It is difficult to set forth all the standards that a judge must utilize and consider in imposing sentence. It is recommended that, at a minimum, the judge look to the standards and guidelines as specified by statutory law. See the Judicial Code, 42 Pa.C.S. §  9701 et seq. See also Commonwealth v. Riggins, 377 A.2d 140 (Pa. 1977) and Commonwealth v. Devers, 546 A.2d 12 (Pa. 1988). The judge also should consider other preexisting orders imposed on the defendant. See 18 Pa.C.S. §  1106(c)(2)(iv). And see 42 Pa.C.S. §  9728.

   For procedures in cases in which restitution is imposed, see Rule 705.1.

   For the right of a victim to have information included in the pre-sentence investigation report concerning the impact of the crime upon him or her, see 18 P.S. §  11.201(4)—(5) and Rule 702(A)(4).

   For the duty of the sentencing judge to state on the record the reasons for the sentence imposed, see Commonwealth v. Riggins, 377 A.2d 140 (Pa. 1977) and Commonwealth v. Devers, 546 A.2d 12 (Pa. 1988). If the sentence initially imposed is modified pursuant to Rule 720(B)(1)(a)(v), the sentencing judge should ensure that the reasons for the ultimate sentence appear on the record. See also Sentencing Guidelines, 204 PA. CODE § §  303.1(d)—(e) and 303.13(c).

   In cases in which a mandatory sentence is provided by law, when the judge decides not to impose a sentence greater than the mandatory sentence, regardless of the number of charges on which the defendant could be sentenced consecutively, and when no psychiatric or psychological examination is required under Rule 702(B), the judge may immediately impose that sentence. But see Rule 702(A)(2), which requires that the court state on the record the reasons for dispensing with a pre-sentence report under the circumstances enumerated therein. See also 42 Pa.C.S. §  9721 et seq.

   No later than 30 days after the date of sentencing, a Pennsylvania Commission on Sentencing Guideline Sentence Form must be completed at the judge’s direction and made a part of the record. In addition, a copy of the form must be forwarded to the Commission on Sentencing. 204 PA. CODE §  303.1(e).

   With respect to the recording and transcribing of court proceedings, including sentencing, see Rule 115.

   Official Note

   Previous Rule 1405 approved July 23, 1973, effective 90 days hence; Comment amended June 30, 1975, effective immediately; Comment amended and paragraphs (c) and (d) added June 29, 1977, effective September 1, 1977; amended May 22, 1978, effective as to cases in which sentence is imposed on or after July 1, 1978; Comment amended April 24, 1981, effective July 1, 1981; Comment amended November 1, 1991, effective January 1, 1992; rescinded March 22, 1993, effective as to cases in which the determination of guilt occurs on or after January 1, 1994, and replaced by present Rule 1405. Present Rule 1405 adopted March 22, 1993, effective as to cases in which the determination of guilt occurs on or after January 1, 1994; amended January 3, 1995, effective immediately; amended September 13, 1995, effective January 1, 1996. The January 1, 1996 effective date extended to April 1, 1996. Comment revised December 22, 1995, effective February 1, 1996. The April 1, 1996 effective date extended to July 1, 1996. Comment revised September 26, 1996, effective January 1, 1997; Comment revised April 18, 1997, effective immediately; Comment revised January 9, 1998, effective immediately; amended July 15, 1999, effective January 1, 2000; renumbered Rule 704 and amended March 1, 2000, effective April 1, 2001; Comment revised March 27, 2003, effective July 1, 2003; amended April 28, 2005, effective August 1, 2005; Comment revised March 15, 2013, effective May 1, 2013; Comment revised March 9, 2016, effective July 1, 2016.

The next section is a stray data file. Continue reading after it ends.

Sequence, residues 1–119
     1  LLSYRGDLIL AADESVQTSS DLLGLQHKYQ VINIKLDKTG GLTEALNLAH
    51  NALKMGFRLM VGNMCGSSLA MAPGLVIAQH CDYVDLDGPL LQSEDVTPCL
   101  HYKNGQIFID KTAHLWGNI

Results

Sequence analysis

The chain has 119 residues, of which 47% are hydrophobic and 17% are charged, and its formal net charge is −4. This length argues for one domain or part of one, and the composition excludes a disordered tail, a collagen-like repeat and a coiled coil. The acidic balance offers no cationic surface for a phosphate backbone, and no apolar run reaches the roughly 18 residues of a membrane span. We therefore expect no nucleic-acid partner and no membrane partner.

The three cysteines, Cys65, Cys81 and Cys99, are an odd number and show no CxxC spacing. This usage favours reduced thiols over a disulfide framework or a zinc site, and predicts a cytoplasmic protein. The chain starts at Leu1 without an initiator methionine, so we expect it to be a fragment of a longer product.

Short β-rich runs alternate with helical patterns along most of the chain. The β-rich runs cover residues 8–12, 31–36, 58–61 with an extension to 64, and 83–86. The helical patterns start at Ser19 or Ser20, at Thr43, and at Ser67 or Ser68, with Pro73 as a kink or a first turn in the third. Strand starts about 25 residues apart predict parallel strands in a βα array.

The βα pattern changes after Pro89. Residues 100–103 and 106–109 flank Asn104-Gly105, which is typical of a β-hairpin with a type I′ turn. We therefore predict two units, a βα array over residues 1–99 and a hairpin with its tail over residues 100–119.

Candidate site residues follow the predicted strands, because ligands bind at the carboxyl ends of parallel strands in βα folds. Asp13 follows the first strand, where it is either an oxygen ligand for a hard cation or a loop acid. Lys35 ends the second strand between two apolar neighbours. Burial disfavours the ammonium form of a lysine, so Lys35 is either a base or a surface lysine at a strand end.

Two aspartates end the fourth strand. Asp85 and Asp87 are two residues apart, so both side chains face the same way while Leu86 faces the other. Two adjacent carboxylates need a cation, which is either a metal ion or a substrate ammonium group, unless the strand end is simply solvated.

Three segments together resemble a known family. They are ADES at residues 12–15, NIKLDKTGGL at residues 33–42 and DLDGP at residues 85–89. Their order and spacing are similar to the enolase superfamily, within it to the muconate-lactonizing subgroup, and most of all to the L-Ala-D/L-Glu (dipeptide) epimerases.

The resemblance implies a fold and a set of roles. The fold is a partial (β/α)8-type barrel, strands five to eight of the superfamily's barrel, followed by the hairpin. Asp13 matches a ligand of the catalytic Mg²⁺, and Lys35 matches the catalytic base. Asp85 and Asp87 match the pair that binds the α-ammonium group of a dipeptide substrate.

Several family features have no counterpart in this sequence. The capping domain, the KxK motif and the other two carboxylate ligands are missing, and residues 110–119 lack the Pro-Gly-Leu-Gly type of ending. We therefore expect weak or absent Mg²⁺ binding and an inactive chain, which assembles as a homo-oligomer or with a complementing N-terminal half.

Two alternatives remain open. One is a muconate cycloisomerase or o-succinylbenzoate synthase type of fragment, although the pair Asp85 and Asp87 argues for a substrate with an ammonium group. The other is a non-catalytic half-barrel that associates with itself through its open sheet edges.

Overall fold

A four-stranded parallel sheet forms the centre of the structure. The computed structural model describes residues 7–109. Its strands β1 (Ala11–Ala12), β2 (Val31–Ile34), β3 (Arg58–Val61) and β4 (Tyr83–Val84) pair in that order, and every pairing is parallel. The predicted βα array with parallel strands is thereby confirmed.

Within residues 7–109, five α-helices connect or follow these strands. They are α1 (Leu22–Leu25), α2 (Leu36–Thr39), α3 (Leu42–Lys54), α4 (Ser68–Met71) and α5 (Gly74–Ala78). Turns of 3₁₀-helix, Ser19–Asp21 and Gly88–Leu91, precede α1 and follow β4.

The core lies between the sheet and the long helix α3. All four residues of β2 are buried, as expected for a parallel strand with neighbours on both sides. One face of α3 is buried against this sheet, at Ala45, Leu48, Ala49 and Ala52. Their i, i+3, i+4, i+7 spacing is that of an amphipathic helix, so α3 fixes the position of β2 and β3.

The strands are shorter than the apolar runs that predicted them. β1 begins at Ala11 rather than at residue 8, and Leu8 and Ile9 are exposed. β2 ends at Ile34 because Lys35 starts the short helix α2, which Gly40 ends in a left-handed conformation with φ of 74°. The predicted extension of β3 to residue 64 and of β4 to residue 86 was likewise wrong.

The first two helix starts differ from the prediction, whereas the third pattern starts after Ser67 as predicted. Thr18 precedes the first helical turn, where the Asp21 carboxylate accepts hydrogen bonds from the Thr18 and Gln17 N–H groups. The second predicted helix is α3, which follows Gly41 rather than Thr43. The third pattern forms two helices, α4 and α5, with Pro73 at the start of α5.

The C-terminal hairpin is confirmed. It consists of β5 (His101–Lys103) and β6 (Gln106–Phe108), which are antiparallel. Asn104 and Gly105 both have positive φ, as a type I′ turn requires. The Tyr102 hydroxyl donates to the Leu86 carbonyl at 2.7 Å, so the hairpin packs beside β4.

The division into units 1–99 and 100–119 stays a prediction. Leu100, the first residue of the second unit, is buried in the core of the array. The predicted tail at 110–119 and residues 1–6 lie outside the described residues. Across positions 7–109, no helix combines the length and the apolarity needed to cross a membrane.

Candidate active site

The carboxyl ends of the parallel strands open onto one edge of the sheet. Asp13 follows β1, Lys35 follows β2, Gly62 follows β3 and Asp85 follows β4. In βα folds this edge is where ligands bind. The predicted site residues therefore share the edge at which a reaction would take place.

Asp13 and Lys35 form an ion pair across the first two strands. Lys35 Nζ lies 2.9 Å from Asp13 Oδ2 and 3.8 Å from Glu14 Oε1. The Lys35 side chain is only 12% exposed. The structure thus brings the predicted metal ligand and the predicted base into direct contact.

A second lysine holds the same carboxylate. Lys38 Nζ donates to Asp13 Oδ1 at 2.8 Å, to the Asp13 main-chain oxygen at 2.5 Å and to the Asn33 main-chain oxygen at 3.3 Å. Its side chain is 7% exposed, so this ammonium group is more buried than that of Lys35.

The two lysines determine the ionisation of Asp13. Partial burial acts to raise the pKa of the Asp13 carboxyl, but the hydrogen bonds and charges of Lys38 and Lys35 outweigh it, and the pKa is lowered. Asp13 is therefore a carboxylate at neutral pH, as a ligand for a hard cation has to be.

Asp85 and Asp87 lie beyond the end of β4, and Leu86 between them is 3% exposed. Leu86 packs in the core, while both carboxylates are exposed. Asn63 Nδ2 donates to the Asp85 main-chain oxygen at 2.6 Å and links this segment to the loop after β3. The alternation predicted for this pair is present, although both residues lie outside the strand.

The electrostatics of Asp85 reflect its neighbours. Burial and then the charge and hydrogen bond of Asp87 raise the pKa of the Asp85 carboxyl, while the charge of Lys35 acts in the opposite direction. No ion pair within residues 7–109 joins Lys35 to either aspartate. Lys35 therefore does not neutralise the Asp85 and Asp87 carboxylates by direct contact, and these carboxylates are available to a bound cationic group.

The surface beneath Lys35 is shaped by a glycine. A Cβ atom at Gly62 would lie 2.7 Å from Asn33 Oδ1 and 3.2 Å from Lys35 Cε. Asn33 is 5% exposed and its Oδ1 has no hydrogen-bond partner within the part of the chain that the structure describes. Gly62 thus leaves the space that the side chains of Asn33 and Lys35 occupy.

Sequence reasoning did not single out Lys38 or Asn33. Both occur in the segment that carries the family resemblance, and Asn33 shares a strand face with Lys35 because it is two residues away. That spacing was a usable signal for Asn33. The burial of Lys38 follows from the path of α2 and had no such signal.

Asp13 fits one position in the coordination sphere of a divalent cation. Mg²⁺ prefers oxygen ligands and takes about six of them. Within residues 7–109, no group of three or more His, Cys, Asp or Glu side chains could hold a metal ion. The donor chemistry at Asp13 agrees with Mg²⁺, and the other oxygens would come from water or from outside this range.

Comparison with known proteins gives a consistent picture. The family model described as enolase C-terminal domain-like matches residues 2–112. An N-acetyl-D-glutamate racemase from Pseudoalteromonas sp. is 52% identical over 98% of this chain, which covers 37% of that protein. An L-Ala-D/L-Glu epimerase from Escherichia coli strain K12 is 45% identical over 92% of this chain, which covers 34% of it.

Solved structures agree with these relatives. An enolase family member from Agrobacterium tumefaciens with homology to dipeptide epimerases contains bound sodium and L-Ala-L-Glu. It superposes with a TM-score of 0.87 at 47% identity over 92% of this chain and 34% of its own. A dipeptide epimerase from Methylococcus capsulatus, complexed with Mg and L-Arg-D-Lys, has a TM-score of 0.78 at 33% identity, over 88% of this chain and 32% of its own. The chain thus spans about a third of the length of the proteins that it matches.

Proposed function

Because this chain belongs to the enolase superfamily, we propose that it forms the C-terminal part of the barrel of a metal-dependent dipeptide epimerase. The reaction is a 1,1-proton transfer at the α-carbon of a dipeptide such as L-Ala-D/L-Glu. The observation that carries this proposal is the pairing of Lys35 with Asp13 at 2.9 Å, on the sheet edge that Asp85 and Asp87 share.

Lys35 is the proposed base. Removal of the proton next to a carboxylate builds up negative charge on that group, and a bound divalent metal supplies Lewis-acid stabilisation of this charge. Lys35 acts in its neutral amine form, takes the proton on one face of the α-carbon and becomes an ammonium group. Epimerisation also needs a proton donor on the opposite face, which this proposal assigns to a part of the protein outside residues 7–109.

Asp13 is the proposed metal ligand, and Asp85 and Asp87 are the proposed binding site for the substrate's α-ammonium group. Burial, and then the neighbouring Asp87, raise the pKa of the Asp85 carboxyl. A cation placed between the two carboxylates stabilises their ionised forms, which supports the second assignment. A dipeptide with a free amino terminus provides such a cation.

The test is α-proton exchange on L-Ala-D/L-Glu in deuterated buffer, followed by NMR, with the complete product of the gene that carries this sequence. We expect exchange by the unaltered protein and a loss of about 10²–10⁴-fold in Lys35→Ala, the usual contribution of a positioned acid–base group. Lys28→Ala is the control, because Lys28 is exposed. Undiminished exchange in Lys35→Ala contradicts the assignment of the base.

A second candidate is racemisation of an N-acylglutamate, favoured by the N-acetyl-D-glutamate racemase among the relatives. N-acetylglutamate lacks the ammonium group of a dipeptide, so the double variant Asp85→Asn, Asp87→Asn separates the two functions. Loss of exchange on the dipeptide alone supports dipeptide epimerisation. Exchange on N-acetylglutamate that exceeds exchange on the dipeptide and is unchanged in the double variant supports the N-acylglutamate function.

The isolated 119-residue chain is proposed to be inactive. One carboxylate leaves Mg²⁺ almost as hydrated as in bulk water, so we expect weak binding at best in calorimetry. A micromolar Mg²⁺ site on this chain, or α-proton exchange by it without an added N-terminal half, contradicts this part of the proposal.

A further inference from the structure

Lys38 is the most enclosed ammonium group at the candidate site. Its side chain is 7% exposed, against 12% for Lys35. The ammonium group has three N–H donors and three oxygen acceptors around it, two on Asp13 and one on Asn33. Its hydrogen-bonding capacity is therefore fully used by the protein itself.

Committee Explanatory Reports:

   Final Report explaining the provisions of the new rule published with the Court’s Order at 23 Pa.B. 1699 (April 10, 1993).

   Report explaining the 1995 amendment to paragraph (C)(3) published with the Court’s Order at 25 Pa.B. 236 (January 21, 1995).

   Final Report explaining the September 13, 1995 amendments concerning bail published with the Court’s Order at 25 Pa.B. 4116 (September 30, 1995).